Last Friday, the students from the high school Providence Engineering Academy were privileged to visit the local division of Moog (rhymes with vogue). Mr Frank Mueller, a family friend of Aaron (one of our engineering students), received us warmly and spoke about his personal journey as a car enthusiast, university student, engineer, and leader in his field. Frank has worked on rocketry systems, testing equipment, cars, and heavy military equipment, for a range of American companies.
Students in front of the Moog building (no photos allowed inside–sorry!)
Frank then took us for a tour, showing us the machining facilities, electronics test benches, and heavy military equipment located in the warehouses connected to their office space. Unfortunately, we can’t show you any photos of this part of the tour! Students gained a greater appreciation of the work that goes into designing the systems that keep our troops well-equipped, and they were fascinated to hear Frank’s perspective as a Christian in this industry.
When the students were asked what was most memorable, Josh reminded us of Frank’s wise words: never stop learning. Frank stands as an example of someone who has successfully balanced studies, an engineering career, his marriage, and his faith, and our students were grateful for all that he shared with us.
Our high school Academy provides a robust four-year program for any high school student who wishes to apply… but what about the younger grades? It is easier than ever for elementary and middle school students to get a handle on engineering and science concepts, both in the classroom and even at home. Along with our established science classes, Providence meets this need with the middle school elective: Intro to Engineering.
This semester, the Intro to Engineering class is following a space exploration theme. Within that framework, the students will explore the history of space travel, structural engineering topics, sensor/motor robotics technology, navigation principles, and coding. One of the first mini “challenges” given to the boys and girls was to design a Mars habitat–all within fifteen minutes!
Students outline their design prior to sharing it with the rest of the class
Presenters opened the floor for questions after their presentation
From there, they looked at an overview of space travel, beginning with Jules Verne’s 1865 novel From the Earth to the Moon. The last 100 years or so of space exploration were described, culminating in the incredible achievements of 2015: the flyby of Pluto by New Horizons, the Philae comet lander, astronaut Scott Kelly committing to a year on the International Space Station, and much more.
Today, the class completed a hands-on exploration of trusses. A truss is a linked system of thin, light members, that preserves high strength and rigidity for very low weight–highly favoured by space engineers the world over! Our students built their own truss with the classroom LEGO kits, and then made predictions as to which of their truss members were in tension or compression. They replaced the tension members one by one with pieces of string, proving their guesses were correct.
Two of the boys show how tension members in a truss can be replaced with string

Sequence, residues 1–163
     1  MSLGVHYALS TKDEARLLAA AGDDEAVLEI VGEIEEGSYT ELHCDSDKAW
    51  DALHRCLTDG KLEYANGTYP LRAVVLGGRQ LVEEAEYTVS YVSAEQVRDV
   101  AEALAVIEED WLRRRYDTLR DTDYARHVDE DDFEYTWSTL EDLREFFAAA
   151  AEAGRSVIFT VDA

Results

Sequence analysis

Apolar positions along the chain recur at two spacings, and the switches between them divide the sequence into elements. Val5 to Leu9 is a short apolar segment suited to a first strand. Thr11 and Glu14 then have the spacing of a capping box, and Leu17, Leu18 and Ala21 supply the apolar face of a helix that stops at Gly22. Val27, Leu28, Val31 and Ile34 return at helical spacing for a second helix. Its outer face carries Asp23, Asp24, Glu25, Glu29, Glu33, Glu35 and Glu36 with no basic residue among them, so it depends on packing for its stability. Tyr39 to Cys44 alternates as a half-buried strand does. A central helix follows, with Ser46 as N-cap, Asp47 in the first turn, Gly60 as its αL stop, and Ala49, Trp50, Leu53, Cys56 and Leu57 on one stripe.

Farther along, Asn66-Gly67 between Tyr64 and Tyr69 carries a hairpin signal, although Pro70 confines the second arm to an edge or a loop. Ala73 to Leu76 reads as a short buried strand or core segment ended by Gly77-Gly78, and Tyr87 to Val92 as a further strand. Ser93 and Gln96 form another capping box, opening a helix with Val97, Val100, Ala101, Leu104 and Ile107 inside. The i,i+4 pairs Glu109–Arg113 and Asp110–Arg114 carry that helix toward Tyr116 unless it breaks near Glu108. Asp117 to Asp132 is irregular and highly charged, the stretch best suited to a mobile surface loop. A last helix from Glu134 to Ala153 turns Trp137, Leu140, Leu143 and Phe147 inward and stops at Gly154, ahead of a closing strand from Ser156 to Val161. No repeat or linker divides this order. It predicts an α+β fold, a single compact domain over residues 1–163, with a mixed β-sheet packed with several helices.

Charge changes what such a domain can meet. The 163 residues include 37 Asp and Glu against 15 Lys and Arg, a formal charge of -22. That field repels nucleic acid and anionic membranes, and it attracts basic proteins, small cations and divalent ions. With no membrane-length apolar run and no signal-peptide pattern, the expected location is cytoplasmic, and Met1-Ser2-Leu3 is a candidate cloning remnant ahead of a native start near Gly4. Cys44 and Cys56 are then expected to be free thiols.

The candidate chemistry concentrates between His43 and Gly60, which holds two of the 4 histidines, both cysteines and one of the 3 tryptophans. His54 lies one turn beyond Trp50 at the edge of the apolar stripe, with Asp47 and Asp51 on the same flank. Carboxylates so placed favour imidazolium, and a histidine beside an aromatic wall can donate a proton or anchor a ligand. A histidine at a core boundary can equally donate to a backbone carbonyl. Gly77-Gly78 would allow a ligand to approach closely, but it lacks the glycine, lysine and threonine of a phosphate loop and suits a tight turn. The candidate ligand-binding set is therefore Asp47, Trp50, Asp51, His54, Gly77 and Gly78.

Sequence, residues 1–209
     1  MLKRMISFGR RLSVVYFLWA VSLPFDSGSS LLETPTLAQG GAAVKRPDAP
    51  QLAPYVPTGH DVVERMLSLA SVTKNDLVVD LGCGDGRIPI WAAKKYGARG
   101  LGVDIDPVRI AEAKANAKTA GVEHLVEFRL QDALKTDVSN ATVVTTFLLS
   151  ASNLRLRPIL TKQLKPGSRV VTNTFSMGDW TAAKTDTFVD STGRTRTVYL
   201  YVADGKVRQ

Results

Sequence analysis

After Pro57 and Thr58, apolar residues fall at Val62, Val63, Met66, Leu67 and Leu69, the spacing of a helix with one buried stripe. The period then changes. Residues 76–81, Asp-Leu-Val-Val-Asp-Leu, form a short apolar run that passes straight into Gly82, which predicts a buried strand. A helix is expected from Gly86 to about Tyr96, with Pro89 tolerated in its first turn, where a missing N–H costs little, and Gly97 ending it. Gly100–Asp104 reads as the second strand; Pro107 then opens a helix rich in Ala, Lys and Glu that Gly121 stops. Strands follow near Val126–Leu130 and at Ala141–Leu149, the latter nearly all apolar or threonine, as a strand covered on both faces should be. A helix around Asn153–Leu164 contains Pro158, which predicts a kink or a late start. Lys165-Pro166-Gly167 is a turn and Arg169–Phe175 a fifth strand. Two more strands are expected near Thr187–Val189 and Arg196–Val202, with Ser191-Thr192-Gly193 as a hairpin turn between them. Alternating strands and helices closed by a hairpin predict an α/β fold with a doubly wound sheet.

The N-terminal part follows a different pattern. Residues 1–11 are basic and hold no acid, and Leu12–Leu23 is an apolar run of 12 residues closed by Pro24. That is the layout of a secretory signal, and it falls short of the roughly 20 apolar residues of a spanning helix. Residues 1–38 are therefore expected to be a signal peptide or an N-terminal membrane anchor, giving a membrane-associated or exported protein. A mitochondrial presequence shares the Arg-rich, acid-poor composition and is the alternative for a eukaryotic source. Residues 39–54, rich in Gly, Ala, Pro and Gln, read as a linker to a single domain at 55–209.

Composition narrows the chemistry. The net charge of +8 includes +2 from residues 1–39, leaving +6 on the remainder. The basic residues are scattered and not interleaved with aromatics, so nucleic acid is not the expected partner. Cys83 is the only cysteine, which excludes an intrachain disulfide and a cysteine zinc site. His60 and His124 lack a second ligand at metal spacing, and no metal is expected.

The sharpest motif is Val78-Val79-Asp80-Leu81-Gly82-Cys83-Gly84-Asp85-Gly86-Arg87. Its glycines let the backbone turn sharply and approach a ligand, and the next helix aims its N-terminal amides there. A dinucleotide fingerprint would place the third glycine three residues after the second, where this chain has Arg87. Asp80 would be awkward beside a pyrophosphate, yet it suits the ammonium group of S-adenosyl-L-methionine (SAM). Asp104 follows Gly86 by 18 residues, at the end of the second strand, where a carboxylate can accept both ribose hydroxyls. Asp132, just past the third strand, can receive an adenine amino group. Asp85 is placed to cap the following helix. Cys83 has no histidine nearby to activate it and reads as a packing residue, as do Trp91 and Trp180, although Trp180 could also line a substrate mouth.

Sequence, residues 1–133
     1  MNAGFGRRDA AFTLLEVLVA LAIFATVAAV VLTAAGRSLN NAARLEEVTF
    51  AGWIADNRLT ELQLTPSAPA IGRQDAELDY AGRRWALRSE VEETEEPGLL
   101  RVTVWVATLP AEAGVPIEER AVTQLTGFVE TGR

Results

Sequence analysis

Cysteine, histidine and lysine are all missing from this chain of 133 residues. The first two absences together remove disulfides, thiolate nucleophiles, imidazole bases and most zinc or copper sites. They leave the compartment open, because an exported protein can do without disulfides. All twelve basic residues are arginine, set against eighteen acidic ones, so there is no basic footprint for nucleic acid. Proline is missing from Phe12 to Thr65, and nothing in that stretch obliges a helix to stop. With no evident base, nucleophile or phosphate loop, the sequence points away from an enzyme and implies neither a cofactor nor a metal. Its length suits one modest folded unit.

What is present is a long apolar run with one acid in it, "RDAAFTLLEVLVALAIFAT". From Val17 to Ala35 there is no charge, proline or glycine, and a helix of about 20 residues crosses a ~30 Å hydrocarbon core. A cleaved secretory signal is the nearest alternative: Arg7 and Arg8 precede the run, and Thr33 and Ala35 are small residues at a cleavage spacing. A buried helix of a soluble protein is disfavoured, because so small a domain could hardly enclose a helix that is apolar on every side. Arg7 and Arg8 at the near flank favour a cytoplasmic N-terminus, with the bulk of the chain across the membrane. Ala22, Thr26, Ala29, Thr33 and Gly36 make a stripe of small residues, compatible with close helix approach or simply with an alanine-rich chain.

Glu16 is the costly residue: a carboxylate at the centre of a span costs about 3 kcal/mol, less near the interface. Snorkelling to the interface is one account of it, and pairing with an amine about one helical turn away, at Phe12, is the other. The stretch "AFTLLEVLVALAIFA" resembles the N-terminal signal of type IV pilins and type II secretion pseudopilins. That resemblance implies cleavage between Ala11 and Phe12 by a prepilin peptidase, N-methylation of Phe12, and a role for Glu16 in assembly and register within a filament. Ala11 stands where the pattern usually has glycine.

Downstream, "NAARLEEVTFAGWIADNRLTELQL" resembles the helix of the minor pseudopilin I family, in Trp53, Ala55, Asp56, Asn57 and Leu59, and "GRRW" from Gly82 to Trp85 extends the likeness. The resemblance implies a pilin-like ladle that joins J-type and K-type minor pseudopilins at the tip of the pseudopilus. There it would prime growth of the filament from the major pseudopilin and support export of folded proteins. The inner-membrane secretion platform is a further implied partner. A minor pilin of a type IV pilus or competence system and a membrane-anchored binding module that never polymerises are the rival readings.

These explorations will pave the way for the eventual design and construction of autonomous robotic systems at the end of the semester. Plenty more projects to come before then, and we’ll keep you posted!
Students from our Academy were recently invited to attend the Central Coast MIT Enterprise Forum, a monthly event right here in Santa Barbara that presents on a range of topics relating to business, entrepreneurship, and technology. Kristin Horton of the Haven Capital Group reached out and generously offered to cover charges for any of our seniors or juniors, and Gabriel and Jake (pictured) were only too happy to accept.
(photo by Tys vanZeyl)
The Enterprise Forum has recently tackled such topics as cybersecurity, the technology of disaster relief, and thermal vision (it is an interesting fact that infrared technology is actually an industry strength of Santa Barbara). This month’s topic was “Go Big! Go Green!”, looking at how businesses can realistically–and profitably–incorporate sustainable practice into their daily operations. Included among the speakers were representatives from Patagonia and Sonos.
On the whole, our boys enjoyed hearing from local industry leaders, making connections, and of course the open buffet! Students from nearby Anacapa School were also invited, all of this being part of the Forum’s new student outreach initiative. We’re thankful to the Enterprise Forum, and especially to Ms. Horton, and we hope to see more students at these and similar events as opportunities arise.
In the middle of the first quarter, our Engineering Academy students were out on the street–Garden Street, to be precise–sketchbooks in hand, eagerly drawing pictures of interesting architecture. One stand-out building was 819 Garden Street, also known as El Jardin, designed by local architect Jeff Shelton. As the students worked busily to capture the essence of the dynamic lines and tiled surfaces, one of the men working on the building invited them to come in for a quick tour. It turned out to be Jeff himself, and he was only too glad to show the thirteen of them up and down the narrow stairways and towering balconies.
(Photos by Tys vanZeyl)
(Photos by Tys vanZeyl)
More recently, at the beginning of the second semester, the students were again invited to get a glimpse into Jeff’s world. He entertained the students for an hour or so in his workshop, showing them his plan drawings, hand-made models, tile samples, and other tools of the trade. The students were glad to hear of his experiences, and the wisdom he had to offer to aspiring designers.
(Photos by Tys vanZeyl)
Jeff also invited the students to come tour his latest construction, also on Garden Street, once it is finished. Stay posted for more!